Miss Flotsam

Miss Flotsam was my reception teacher.
She had travelled the world.
Brown hair turned golden
under distant suns,
clothes carrying colours
from countless corners of continents.

When my mother’s face spilled
a gush of adolescent tears
at the school gates,
Miss Flotsam soaked up the drops
in Peruvian alpaca,
caught splashes
in Himalayan singing bowls,
let sobs fall on Indonesian Gamelans.

Miss Flotsam had flown
through air pockets in jumbo jets,
sailed the seven seas
in opposite directions,
cycled through cyclones
with dengue fever,
soothed mothers
when their hearts heaved.

When the bully punched me
for being too brown,
Miss Flotsam glared at him
with an eye that could turn fists
into begging bowls.

When my mother was late,
the chairs upturned on the desks,
Miss Flotsam read to me
stories of imperfect families
and unexpected heroes.

When I dozed in class
Miss Flotsam let me sleep
through maths,
through lunch,
through the tuk-tuk traffic,
through the home-time bell.

When I was naughty
Miss Flotsam told me off,
asked of the disasters
destroying my home
and placed sandbags around my lies.

Miss Flotsam had climbed peaks
circled by vultures,
waded rivers with unseen bottoms,
bought ugly fruits
in dusty languages
in foreign markets,
spoke to parents
in dialects they could understand,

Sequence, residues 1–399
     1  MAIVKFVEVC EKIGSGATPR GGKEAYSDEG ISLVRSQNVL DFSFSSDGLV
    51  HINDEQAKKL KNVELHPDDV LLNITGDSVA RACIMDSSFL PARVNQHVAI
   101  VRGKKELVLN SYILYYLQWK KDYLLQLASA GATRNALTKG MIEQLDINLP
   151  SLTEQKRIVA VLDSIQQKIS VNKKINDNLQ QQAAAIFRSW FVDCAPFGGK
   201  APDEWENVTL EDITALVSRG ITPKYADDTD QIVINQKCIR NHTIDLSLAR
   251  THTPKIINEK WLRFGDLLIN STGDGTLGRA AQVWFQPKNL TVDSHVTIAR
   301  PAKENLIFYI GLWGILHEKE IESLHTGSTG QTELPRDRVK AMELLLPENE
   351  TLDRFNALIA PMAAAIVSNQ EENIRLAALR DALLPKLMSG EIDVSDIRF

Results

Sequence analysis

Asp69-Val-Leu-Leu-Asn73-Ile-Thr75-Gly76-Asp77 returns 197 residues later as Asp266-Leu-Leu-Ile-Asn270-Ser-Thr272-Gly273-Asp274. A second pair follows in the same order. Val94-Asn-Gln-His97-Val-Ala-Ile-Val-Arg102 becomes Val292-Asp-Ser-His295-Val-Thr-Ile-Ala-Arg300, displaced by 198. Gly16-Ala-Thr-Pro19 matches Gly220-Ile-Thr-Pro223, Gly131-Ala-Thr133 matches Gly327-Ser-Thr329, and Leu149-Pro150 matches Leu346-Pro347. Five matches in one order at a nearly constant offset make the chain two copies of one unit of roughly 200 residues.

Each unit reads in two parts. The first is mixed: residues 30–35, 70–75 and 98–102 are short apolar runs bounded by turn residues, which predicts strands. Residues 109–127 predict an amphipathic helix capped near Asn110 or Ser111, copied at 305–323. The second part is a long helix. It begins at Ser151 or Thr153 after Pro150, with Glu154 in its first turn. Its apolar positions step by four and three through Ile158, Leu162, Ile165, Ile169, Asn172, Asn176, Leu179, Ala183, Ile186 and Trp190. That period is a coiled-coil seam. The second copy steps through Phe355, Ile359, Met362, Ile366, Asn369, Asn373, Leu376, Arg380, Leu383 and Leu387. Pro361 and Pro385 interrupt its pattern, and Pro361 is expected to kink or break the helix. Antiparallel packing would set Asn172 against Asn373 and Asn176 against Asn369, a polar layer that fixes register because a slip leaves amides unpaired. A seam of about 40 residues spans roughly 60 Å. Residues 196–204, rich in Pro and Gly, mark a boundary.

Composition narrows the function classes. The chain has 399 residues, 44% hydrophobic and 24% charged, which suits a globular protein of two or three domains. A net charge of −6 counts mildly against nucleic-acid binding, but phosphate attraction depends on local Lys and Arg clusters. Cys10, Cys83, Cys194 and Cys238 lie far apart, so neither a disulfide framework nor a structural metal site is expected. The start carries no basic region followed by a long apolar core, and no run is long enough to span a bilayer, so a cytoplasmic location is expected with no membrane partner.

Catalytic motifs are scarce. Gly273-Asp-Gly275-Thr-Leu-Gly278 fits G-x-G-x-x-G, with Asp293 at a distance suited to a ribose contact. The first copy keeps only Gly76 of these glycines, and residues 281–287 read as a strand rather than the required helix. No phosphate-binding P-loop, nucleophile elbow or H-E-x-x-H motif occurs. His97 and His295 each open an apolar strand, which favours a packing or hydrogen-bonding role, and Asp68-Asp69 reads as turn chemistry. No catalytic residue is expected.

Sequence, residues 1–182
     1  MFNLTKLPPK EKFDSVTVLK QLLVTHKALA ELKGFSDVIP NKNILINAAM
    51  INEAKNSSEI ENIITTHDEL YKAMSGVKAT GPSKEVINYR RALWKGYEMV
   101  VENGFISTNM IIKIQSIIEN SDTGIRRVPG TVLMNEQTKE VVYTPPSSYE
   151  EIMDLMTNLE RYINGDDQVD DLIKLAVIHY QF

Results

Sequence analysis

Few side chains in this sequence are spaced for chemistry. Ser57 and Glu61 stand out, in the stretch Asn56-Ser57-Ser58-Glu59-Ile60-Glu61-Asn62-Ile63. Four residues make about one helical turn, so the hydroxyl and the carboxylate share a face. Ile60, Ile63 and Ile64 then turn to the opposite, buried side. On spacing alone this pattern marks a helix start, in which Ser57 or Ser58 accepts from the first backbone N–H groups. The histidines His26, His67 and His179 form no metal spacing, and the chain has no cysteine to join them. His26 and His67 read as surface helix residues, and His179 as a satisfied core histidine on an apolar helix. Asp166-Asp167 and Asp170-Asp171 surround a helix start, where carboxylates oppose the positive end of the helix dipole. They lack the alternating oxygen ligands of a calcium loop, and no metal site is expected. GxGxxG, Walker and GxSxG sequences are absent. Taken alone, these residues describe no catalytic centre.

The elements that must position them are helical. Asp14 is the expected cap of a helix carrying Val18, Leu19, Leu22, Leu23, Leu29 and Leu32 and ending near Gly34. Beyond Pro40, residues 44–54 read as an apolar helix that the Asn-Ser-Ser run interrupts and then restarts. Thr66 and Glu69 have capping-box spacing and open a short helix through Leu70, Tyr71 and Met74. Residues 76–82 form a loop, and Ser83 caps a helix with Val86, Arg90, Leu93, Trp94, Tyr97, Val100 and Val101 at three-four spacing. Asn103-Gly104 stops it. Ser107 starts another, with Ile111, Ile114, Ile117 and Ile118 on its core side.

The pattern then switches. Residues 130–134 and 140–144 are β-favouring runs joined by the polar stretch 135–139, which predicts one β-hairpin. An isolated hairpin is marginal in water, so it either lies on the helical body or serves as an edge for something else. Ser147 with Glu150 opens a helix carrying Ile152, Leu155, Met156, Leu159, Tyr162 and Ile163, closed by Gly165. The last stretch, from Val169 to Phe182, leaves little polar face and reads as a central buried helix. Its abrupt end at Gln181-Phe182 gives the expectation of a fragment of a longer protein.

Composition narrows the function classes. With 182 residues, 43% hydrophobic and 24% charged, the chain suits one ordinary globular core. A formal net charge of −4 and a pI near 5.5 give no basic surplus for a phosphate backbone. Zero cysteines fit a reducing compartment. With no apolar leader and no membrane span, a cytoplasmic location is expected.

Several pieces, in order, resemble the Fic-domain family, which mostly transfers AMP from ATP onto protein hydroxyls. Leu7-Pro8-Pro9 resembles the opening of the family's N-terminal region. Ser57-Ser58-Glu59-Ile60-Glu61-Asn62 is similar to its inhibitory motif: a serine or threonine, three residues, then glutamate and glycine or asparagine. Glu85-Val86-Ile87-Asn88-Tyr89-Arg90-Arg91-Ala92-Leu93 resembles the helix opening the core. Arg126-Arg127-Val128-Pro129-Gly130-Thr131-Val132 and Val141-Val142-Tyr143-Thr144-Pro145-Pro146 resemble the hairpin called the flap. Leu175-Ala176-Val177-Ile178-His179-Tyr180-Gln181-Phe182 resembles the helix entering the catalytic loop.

sang to pupils
in rhythms, they could bear.

Copyright: first published in Read me at School edited by Gaby Morgan (Macmillan, 2009), © Joseph Coelho 2009, from Werewolf Club Rules: Poems (Frances Lincoln, 2014), used by permission of the author and the publisher

More about this poem

Joseph grew up in Roehampton on the outskirts of London. Living in a tower block and other childhood memories feature in many of his poems.

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About Miss Flotsam

I think we all have that one teacher we remember with great fondness, for me it was my reception teacher, she was a wonderful woman who had travelled the world and had no end of brilliant stories. I remember that she wore colourful flowing clothes and that she gave me and my classmates the task of digging a pond! This poem is inspired by my wonderful reception teacher and all the amazing teachers I've had the pleasure of meeting in schools over the years, those brilliant teachers who go above and beyond.

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